Rabat, Sept 9: The death toll from Morocco’s deadliest earthquake in decades has risen to 1,037, it was reported on Saturday, causing widespread damage and sending terrified residents and tourists scrambling to safety in the middle of the night.
The state television further quoted the interior ministry as saying that more than 1,200 people were injured in the quake in Morocco’s High Atlas mountains late on Friday night.
The 6.8-magnitude quake struck the mountainous area 72 kilometres (45 miles) southwest of tourist hotspot Marrakesh at 11:11pm (10:11pm GMT) on Friday, the US Geological Survey reported.
Strong tremors were also felt in the coastal cities of Rabat, Casablanca and Essaouira.
Map locating the earthquake that shook Morocco late on Friday. — AFP
“We felt a very violent tremor, and I realised it was an earthquake,” Abdelhak El Amrani, a 33-year-old in Marrakesh, told AFP by telephone.
“I could see buildings moving. We don’t necessarily have the reflexes for this type of situation. Then I went outside and there were a lot of people there.
People were all in shock and panic. The children were crying and the parents were distraught.“ “The power went out for 10 minutes, and so did the (telephone) network, but then it came back on,” he added. “Everyone decided to stay outside.”
Faisal Baddour, an engineer, said he felt the earthquake three times in his building.
“People went out into the street just after this total panic, and there are families who are still sleeping outside because we were so scared of the force of this earthquake,” he said. “It was as if a train was passing close to our houses.”
Frenchman Michael Bizet, 43, who owns three traditional riad houses in Marrakesh’s old town, told AFP that he had been in bed at the time of the quake.
“I thought my bed was going to fly away. I went out into the street half-naked and immediately went to see my riads. It was total chaos, a real catastrophe, madness,” he said.
The 43-year-old shared video of piles of rubble from collapsed walls in the streets.
Footage on social media also showed part of a minaret collapsed on Jemaa el-Fna square in the historic city.
People look at debris in the aftermath of an earthquake in Marrakech, Morocco on September 9 in this screen grab from a social media video in this picture. — Reuters
An AFP correspondent saw hundreds of people flocking to the square to spend the night for fear of aftershocks, some with blankets while others slept on the ground.
Houda Outassaf, a local resident, told AFP he was walking around the square when the ground began to shake.
“It was a truly staggering sensation. We’re safe and sound, but I’m still in shock,” he said.
“I have at least 10 members of my family who died… I can hardly believe it, as I was with them no more than two days ago.” Fayssal Badour, another Marrakesh resident, told AFP he was driving when the earthquake hit.
“I stopped and realised what a disaster it was… The screaming and crying was unbearable,” he said.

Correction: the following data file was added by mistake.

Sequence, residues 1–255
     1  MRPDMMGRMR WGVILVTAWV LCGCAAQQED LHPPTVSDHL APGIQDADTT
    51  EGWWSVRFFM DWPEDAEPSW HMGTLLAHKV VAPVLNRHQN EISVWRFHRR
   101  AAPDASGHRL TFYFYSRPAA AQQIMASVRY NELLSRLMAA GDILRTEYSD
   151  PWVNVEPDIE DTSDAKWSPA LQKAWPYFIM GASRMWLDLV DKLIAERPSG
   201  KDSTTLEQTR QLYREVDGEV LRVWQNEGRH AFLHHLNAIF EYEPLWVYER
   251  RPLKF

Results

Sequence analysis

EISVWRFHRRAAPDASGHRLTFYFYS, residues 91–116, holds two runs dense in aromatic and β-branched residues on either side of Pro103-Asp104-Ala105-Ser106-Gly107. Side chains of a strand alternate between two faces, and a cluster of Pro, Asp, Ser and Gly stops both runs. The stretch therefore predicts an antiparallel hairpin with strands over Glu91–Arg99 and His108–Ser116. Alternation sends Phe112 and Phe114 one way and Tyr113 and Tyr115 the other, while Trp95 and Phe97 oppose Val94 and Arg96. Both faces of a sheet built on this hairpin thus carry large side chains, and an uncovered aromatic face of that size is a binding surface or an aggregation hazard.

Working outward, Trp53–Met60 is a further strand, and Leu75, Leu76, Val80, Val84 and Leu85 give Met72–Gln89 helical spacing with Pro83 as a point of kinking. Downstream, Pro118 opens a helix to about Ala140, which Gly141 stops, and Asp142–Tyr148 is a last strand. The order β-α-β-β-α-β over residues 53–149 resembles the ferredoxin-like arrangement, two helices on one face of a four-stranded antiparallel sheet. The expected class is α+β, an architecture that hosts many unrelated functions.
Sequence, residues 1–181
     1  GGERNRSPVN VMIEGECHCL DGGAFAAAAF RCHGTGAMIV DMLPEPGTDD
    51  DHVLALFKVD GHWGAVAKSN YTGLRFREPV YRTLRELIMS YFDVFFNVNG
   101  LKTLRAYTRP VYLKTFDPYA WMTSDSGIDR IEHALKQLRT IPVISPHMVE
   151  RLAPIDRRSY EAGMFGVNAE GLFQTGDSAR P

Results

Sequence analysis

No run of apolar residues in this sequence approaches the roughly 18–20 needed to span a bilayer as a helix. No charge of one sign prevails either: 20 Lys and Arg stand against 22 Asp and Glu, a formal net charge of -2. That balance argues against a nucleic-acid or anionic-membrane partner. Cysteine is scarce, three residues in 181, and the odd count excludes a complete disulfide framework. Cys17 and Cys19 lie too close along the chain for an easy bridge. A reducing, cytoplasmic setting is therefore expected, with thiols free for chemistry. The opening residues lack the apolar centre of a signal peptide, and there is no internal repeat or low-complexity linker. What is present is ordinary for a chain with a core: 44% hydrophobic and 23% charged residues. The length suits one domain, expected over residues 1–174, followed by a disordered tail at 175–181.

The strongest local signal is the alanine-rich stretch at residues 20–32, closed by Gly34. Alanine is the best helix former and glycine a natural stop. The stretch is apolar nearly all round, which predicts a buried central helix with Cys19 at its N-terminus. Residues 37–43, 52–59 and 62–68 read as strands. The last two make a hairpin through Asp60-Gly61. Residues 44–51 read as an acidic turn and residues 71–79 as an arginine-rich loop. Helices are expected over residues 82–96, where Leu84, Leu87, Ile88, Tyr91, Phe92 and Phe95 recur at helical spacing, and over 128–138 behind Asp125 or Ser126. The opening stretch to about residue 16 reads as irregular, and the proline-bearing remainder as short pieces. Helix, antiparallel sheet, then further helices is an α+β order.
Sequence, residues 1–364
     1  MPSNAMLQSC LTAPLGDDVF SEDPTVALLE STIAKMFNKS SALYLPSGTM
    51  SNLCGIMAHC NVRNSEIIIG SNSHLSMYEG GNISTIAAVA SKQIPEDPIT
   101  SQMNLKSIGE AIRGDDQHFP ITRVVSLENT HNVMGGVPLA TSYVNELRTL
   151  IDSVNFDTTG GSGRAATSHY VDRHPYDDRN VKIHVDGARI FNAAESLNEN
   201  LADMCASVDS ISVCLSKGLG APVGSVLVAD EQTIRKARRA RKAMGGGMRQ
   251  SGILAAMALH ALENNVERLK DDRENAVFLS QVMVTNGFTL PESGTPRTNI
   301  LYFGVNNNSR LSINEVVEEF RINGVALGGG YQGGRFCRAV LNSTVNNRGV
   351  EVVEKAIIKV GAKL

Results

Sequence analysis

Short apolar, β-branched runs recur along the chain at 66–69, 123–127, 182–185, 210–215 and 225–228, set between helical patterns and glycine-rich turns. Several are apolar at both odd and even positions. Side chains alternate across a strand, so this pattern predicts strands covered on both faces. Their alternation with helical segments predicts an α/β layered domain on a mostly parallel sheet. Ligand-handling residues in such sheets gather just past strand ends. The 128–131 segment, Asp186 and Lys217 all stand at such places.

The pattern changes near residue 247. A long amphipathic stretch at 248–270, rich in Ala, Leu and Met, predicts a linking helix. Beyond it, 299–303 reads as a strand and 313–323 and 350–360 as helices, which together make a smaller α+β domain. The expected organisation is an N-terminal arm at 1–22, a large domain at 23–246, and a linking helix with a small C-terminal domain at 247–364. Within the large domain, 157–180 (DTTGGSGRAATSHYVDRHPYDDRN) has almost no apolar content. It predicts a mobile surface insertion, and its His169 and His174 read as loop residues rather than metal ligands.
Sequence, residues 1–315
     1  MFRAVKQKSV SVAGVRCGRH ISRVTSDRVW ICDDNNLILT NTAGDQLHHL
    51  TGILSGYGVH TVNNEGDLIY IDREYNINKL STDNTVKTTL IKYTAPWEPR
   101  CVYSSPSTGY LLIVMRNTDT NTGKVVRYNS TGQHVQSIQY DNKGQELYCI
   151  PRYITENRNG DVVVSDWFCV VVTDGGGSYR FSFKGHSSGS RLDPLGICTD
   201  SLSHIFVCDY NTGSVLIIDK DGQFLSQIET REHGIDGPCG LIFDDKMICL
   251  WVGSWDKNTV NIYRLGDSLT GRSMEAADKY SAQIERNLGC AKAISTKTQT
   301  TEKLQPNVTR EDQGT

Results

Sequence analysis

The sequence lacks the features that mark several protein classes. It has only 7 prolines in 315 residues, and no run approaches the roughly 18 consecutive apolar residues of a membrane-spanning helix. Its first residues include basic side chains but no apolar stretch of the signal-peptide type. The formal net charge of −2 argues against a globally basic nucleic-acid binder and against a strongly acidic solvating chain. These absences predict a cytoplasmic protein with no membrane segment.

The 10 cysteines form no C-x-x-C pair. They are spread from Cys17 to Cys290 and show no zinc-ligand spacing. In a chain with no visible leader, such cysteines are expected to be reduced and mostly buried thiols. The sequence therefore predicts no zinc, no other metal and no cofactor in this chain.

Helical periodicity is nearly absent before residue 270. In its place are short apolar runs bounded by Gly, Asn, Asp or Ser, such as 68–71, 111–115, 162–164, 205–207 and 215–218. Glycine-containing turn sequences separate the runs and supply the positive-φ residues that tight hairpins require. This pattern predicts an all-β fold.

The interior ministry said authorities have “mobilised all the necessary resources to intervene and help the affected areas”.
People gather on a street in Casablanca, following a powerful earthquake in Morocco on Saturday (Sep 9). — Reuters
The regional blood transfusion centre in Marrakesh has called on residents to donate blood for those injured.
In the town of Al-Haouz, near the epicentre of the quake, a family was trapped in the rubble after their house collapsed, local media reported.
Significant damage likely
“We heard screams at the time of the tremor,” a resident of Essaouira, 200km west of Marrakesh, told AFP.
“People are in the squares, in the cafes, preferring to sleep outside. Pieces of facades have fallen.”
The USGS PAGER system, which provides preliminary assessments on the impact of earthquakes, issued a red alert for economic losses, saying extensive damage is probable and the disaster is likely widespread.
Past events with this alert level have required a national or international level response, according to the US government agency.
Internet connectivity was disrupted in Marrakesh due to power cuts, according to global internet monitor NetBlocks.
Moroccan media reported it was the most powerful earthquake to hit the country to date.
The earthquake was also felt in neighbouring Algeria, where the Algerian Civil Defence said it had not caused any damage or casualties.
In 2004, at least 628 people were killed and 926 injured when a quake hit Al Hoceima in northeastern Morocco, and in 1960 a magnitude 6.7 quake in Agadir killed more than 12,000.
The 7.3-magnitude El Asnam earthquake in neighbouring Algeria in 1980 was regionally one of the most destructive earthquakes in recent history.
FO reaches out to embassy in Rabat
Foreign Office spokesperson Mumtaz Zahra Baloch said: “The people and Government of Pakistan stand in solidarity with the Kingdom of Morocco and express their heartfelt sympathies and condolences at the tragic loss of lives in yesterday’s earthquake.”
She added that Pakistan has also conveyed “our offer of assistance to Morocco” and that “our embassy in Rabat has reached out to the Pakistani community to inquire about their safety”.
“As per initial reports, all Pakistani nationals are safe,” she added. “We will continue to monitor the situation to facilitate them in the wake of this tragedy.”
The Pakistani embassy in Morocco said in a post on X that Ambassador Hamid Asghar Khan, officers, staff and the Pakistani community there expressed their deepest condolence and were “ready to assist in any manner required”.
Khan, Pakistan’s diplomat there, also reiterated Baloch’s statement: “Thus far Pakistanis in Morocco are reported safe amidst devastation claiming over 800 lives.
“The Government of Pakistan stands by ready to assist as required,” he added.